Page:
or when two kinds of living things both come from the same ancestor, but changed over time because their environments changed.
Divergent evolution: From one original species of bird, multiple others evolved, each with its own distinctive characteristics to suit its environment.
Openstax Concepts of Biology
Let's also look at beetles as another case of this. Some beetles in this group are green and some are brown. Let's say the group was separated by a mountain. On one side of the mountain, there is a lot of rain and green plants can grow. This makes it easy for the green beetles to blend in and avoid getting eaten. The brown ones, however, get spotted and eaten up. On the other side of the mountain, the rain is blocked so the plants are brown and dry. On this side, the brown beetles blend in and the green ones are more likely to get eaten. In time, these two species will be totally unique. Each group of beetles would be different from one another, but also different from that first group of beetles that they all came from. Darwin's Finches
was one of the scientists that discovered that once a group is divided, each group changes differently over time. Darwin spent time on a group of islands and found that the living things on each island had a lot in common with each other, but were also clearly different. He saw this in the ground finches, a kind of bird, who had a beak shape that was different from the finches on another island.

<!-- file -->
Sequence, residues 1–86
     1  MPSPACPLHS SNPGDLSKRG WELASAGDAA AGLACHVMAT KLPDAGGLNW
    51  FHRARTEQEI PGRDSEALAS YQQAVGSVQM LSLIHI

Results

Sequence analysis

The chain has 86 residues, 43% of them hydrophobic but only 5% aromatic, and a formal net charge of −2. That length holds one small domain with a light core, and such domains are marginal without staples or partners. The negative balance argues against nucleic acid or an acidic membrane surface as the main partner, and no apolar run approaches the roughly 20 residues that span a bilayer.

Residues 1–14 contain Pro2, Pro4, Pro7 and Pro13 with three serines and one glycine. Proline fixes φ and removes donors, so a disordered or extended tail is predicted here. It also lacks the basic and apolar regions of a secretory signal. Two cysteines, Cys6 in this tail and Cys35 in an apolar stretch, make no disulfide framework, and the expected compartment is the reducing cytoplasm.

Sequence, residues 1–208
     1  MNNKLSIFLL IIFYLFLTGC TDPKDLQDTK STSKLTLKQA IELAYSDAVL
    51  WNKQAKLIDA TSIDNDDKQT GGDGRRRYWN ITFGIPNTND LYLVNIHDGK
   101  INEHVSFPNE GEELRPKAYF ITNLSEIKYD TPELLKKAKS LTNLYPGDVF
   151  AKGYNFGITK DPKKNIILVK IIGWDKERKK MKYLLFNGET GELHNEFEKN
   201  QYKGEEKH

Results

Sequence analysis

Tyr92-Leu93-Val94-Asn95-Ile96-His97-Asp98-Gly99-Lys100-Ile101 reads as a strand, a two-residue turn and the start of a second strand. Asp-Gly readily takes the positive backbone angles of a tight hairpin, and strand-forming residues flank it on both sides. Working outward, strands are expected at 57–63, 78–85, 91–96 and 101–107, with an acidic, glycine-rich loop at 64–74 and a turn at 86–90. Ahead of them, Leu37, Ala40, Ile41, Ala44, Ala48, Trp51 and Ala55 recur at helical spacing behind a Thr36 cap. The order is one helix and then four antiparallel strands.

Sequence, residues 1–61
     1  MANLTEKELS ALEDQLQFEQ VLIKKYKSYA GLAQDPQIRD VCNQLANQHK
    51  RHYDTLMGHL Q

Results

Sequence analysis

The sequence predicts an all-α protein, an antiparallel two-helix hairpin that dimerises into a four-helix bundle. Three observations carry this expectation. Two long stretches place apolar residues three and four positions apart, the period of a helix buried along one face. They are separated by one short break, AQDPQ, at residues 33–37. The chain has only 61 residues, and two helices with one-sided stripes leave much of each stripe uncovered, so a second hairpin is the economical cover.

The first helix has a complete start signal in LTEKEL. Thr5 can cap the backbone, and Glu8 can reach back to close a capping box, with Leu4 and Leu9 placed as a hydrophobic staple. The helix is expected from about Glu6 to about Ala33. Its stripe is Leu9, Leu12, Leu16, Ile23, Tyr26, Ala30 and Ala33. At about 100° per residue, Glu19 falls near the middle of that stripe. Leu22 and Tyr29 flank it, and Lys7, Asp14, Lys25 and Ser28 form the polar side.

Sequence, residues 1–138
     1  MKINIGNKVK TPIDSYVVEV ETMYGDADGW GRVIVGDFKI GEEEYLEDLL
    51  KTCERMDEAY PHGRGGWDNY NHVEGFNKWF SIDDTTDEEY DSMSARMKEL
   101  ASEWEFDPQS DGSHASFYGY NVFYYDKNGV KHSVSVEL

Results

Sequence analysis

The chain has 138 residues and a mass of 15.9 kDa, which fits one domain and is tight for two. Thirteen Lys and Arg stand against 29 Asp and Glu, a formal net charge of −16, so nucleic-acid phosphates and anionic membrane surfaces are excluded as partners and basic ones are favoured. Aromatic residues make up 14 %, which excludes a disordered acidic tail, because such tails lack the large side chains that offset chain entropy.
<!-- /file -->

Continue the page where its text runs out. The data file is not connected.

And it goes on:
Darwin observed that beak shape varies among finch species, and proposed that the beak of an ancestral species had adapted over time to help the finches to acquire different food sources.
Openstax Concepts of Biology
Darwin imagined that the groups of birds on each island all first came from the same group of birds, but diverged, or changed, into many different groups because the water on the island separated them. This meant they all had different food. On some of these new islands, there were a lot of hard seeds to eat. Only the birds with strong beaks would be able to crack open the seeds to get the food. They would be the ones to go on and have children. The birds with small beaks would die out. On another island, the food was found in tall flowers, which meant that the birds needed a long, thin beak to get food. On this island, the birds with short or fat beaks died out, while the birds with thin, long beaks went on to have children because they could get to the food.
Adapted by the RocketLit team from: